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The best Democrats are the ones who are losing

Rick Newman
Senior Columnist

Pragmatic Democrats are grinding their teeth over the direction the presidential primary election is going.

Among the leading candidates are the geriatric bumbler Joe Biden, the radical scold Elizabeth Warren, and the cranky socialist Bernie Sanders. Biden, 76, excites nobody and is short on funding. Warren, 70, and Sanders, 78, are so off-putting to moderates they make Donald Trump look good. And all three are past the retirement age. “Democrats have [a] huge problem,” strategist Greg Valliere of AGF Investments wrote recently to clients. “Isn’t there anyone more electable than Biden or Elizabeth Warren?”

Party leaders fantasize about Michelle Obama running, or Michael Bloomberg, or even Hillary Clinton, again. But the Democratic field already includes several candidates for president who are sensible, likeable, qualified, and electable. They just aren’t winning.

Supporters of Democratic presidential candidate Montana Gov. Steve Bullock in Des Moines, Iowa in September. (Photo by Scott Olson/Getty Images)

Yahoo Finance recently interviewed Montana Gov. Steve Bullock, for instance — perhaps the only person running who has actually won support from Trump voters, a trick Democrats need to execute nationally to win in 2020. In 2016, when Trump carried Montana with 56% of the vote, Bullock won a second term as governor with 50%, which means some voters picked both Trump and Bullock.

Bullock favors practical solutions over expensive new government programs like Medicare for All, which Sanders and Warren favor. His health care plan, for example, would offer a new government option to people who need it, while leaving private insurance in place. “We need to make sure that health care is affordable and accessible for everyone,” he told Yahoo Finance. “But there are times where some Democrats say, we're going to have this huge plan that means increased costs, completely disrupts your lives. And folks are just saying, it's disconnected from my everyday life.”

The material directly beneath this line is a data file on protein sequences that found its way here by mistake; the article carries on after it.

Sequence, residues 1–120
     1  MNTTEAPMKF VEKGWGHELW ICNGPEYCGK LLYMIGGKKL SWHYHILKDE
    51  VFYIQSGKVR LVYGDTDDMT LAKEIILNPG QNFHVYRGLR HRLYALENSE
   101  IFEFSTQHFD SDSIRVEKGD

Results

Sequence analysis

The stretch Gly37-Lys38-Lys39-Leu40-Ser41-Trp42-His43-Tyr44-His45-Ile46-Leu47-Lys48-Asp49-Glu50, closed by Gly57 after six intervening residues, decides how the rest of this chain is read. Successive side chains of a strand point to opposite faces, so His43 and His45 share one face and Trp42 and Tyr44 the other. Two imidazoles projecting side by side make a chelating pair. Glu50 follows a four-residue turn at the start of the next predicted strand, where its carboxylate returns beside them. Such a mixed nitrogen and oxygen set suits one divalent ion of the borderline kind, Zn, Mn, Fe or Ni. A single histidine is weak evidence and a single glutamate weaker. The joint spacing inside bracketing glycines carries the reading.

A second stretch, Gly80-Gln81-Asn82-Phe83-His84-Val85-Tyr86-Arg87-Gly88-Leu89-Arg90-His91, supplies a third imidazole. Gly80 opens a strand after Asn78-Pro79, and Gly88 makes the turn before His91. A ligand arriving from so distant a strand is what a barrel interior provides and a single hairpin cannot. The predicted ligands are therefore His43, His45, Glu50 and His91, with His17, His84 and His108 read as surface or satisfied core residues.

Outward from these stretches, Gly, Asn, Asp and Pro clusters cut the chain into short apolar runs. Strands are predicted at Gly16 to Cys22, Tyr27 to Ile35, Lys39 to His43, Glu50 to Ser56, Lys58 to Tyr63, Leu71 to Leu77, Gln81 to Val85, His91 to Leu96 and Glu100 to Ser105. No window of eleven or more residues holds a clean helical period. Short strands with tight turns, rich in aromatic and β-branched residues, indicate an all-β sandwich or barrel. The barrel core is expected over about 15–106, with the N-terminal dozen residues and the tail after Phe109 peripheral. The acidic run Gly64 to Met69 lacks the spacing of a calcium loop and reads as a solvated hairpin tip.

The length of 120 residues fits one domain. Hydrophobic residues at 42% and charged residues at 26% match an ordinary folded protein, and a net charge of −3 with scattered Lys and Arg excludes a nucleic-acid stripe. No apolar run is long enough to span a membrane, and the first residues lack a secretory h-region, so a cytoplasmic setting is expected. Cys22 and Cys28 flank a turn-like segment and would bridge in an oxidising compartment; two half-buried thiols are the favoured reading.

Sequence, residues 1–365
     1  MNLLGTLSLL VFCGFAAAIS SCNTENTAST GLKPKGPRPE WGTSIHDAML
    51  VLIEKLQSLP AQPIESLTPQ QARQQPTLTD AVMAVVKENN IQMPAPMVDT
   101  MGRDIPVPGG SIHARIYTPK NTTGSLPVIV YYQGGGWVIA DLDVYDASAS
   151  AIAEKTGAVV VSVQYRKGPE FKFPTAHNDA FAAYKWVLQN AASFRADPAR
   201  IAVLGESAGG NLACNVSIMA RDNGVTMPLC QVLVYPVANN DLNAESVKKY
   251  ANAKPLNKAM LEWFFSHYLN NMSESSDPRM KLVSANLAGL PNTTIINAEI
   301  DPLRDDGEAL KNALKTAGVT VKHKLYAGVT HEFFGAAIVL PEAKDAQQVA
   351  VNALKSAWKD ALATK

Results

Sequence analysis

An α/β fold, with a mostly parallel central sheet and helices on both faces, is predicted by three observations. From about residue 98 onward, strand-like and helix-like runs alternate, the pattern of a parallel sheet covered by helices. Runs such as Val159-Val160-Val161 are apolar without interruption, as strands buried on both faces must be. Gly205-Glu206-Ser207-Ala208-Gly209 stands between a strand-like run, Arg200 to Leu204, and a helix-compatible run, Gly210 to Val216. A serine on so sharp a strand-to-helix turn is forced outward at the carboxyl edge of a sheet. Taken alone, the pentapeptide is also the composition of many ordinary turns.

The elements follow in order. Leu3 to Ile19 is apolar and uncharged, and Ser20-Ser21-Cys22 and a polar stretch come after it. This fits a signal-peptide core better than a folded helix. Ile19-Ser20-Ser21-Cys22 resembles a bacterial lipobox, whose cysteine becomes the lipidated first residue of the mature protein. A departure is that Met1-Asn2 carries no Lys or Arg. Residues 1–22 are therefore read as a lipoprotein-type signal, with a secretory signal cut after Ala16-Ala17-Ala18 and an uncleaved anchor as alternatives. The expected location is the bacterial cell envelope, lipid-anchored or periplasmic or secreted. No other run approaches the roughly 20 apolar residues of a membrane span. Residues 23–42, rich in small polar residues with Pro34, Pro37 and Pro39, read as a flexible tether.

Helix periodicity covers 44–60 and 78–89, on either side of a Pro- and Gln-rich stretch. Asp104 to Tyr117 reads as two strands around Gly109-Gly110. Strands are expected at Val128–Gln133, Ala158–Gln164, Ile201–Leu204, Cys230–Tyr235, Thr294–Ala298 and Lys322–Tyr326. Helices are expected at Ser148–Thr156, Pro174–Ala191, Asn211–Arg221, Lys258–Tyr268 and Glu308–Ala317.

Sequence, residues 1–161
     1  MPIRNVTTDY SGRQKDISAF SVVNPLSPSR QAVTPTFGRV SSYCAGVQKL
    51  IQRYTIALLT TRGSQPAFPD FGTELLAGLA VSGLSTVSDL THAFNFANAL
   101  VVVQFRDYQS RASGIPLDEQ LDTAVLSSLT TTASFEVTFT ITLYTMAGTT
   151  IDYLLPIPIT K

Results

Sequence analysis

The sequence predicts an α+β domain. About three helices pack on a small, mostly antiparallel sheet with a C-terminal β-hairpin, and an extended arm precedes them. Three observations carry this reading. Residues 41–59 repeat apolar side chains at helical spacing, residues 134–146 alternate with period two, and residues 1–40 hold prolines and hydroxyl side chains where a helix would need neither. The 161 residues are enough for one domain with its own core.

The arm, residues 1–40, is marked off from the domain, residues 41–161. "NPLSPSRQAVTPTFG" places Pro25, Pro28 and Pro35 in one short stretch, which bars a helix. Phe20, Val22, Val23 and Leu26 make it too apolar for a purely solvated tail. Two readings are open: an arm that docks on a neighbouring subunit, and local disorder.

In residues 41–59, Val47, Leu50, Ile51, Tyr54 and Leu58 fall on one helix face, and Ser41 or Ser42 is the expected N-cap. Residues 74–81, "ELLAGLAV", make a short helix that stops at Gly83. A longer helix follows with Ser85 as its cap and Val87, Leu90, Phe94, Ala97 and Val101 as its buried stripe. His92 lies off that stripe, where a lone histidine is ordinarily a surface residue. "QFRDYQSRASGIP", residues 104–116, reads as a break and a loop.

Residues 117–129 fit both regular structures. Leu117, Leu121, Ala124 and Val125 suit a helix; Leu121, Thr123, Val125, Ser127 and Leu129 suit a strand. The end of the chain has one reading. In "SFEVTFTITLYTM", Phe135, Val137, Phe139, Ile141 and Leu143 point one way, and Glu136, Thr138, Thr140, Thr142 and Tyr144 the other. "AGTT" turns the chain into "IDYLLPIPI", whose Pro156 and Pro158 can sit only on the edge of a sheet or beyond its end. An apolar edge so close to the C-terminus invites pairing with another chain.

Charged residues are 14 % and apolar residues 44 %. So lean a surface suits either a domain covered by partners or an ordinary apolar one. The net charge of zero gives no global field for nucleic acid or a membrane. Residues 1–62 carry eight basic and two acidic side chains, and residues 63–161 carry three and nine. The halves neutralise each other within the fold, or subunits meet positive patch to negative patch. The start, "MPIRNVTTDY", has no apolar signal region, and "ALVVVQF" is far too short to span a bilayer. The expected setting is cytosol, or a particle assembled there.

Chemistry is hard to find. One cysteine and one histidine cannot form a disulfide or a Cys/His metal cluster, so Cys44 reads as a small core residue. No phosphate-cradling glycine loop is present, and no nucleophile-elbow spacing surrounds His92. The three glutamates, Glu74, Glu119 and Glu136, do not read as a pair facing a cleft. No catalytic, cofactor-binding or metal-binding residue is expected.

Three pragmatic Democrats have already dropped out: Washington Gov. Jay Inslee, Colorado Gov. John Hickenlooper, and Rep. Seth Moulton. Several others, including Colorado Sen. Michael Bennet, Rep. Tim Ryan of Ohio, and former Maryland Rep. John Delaney are in the back of the pack and largely unknown to voters.

The moderates who have qualified for debates

Of the prominent Dems able to qualify for televised debates, there’s only one moderate younger than 70 who’s polling at 5% or more: Mayor Pete Buttigieg of South Bend, Indiana. Buttigieg, like Bullock, favors a limited new government health care option over Medicare for All. He’d pay for it by raising the corporate income tax instead of hitting most households with new taxes, like some of his Democratic opponents would. Unlike Warren and Sanders, Buttigieg, 37, has no plan to forgive trillions in student debt (which would require even more tax revenue), or punish millionaires with a new wealth tax.

Sen. Amy Klobuchar of Minnesota is similar to Buttigieg, and she positions herself as a folksier, more down-to-earth version of Elizabeth Warren. But Klobuchar is polling at just 2% in national averages. Some analysts think Buttigieg and Klobuchar may stand out more as the still-unwieldy field of 19 candidates narrows, and they get more of a spotlight. And since they’re both Midwesterners, they could outperform in the crucial Iowa caucus next February, and pick up momentum then.

Biden himself is a centrist who likes to say, “nobody has to be punished.” By that, he means he doesn’t plan to hit the wealthy with sharp tax hikes, regulate energy firms out of business, or put everybody working for a health insurer out of a job. The obvious worry with Biden, 76, is he’d be 82 when he finishes his first term. And he already stumbles over words. Still, you can be both old and electable.

Rick Newman is the author of four books, including “Rebounders: How Winners Pivot from Setback to Success.” Follow him on Twitter: @rickjnewman. Confidential tip line: rickjnewman@yahoo.com. Encrypted communication available. Click here to get Rick’s stories by email.

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